Business·Analysis

Trump's 1st budget could worsen distortions as economy cools and assets soar: Don Pittis

As inflation and the economy stagnate, house prices and stocks are hitting new highs. The danger is that Donald Trump's first budget means more of the same for North America.

In Canada, Stephen Poloz forced to keep rock-bottom rates, as inflation stays flat but real estate rises

While U.S. President Donald Trump has been off touring the world and smiling with the Pope, his administration has released his first budget with the promise that it will push growth to three per cent. (Evan Vucci/Reuters)

It's a strange economic mystery. Despite interest rates bouncing along at their lowest levels in history, consumer price inflation remains persistently weak. Yet at the same time, asset inflation, including the price of houses and stocks, continues to shoot into the stratosphere.

The Bank of Canada yesterday announced it would once again hold interest rates at 0.5 per cent to help boost the economy, as the U.S. stagnated in the first three months of the year. 

And while the stated intention of the budget proposed this week by U.S. President Donald Trump is to break the economy out of the doldrums, there are some dangerous signs that it will merely drive assets even higher while missing its targets on economic growth.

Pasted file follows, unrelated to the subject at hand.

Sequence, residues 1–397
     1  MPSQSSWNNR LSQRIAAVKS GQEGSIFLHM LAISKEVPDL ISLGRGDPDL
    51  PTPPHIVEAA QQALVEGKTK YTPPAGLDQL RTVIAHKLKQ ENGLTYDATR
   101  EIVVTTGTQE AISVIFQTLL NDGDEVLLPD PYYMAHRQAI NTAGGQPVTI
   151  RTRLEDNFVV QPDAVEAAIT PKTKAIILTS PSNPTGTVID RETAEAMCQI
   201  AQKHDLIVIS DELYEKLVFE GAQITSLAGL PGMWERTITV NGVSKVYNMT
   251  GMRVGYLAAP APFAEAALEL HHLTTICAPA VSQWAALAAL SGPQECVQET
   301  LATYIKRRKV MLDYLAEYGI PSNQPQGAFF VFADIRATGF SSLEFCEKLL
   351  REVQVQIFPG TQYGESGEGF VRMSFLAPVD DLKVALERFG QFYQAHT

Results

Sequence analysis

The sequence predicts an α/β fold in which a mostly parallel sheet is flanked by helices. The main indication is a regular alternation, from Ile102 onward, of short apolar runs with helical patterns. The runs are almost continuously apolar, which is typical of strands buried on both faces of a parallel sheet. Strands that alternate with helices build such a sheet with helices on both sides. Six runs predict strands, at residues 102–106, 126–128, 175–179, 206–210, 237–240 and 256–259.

'Room to grow'

A lot of economic analysis out there suggests that interest rate cuts have simply stopped working, although Bank of Canada governor Stephen Poloz is not on that side of the argument.

In the past, he has come down firmly on the side that low rates "give the economy extra room to grow."
Bank of Canada governor Stephen Poloz has repeatedly predicted that low rates will restart the economy. But years later, only asset prices are rising. (Edgard Garrido/Reuters)

The conventional economic view is that low rates stimulate new investment, using up the economy's excess capacity. In other words, more workers are fully employed, pushing up wages. More companies invest, causing shortages of ingredients essential to the production process.

As well-heeled workers and expanding businesses compete for a limited supply of goods, consumer prices start to rise, pushing inflation higher. That is why inflation, while annoying in some ways, is a reassuring sign the economy is firing on all cylinders.

But despite about a decade of low, low interest rates, that economic theory has not yet been matched by reality.

Persistently low inflation

​Instead, Canada's consumer price inflation has remained low, recently coming down to 1.6 per cent and staying there.

"The bank's three measures of core inflation remain below two per cent and wage growth is still subdued, consistent with ongoing excess capacity in the economy," said yesterday's Bank of Canada statement.

Wages and consumer prices may be stagnating, but those low interest rates are having an effect. 

In Canada, the most obvious sign has been the soaring value of real estate. While wages and the basket of goods measured by the consumer price index have remained subdued, asset prices, including houses and stocks, have shot up at rates many times inflation.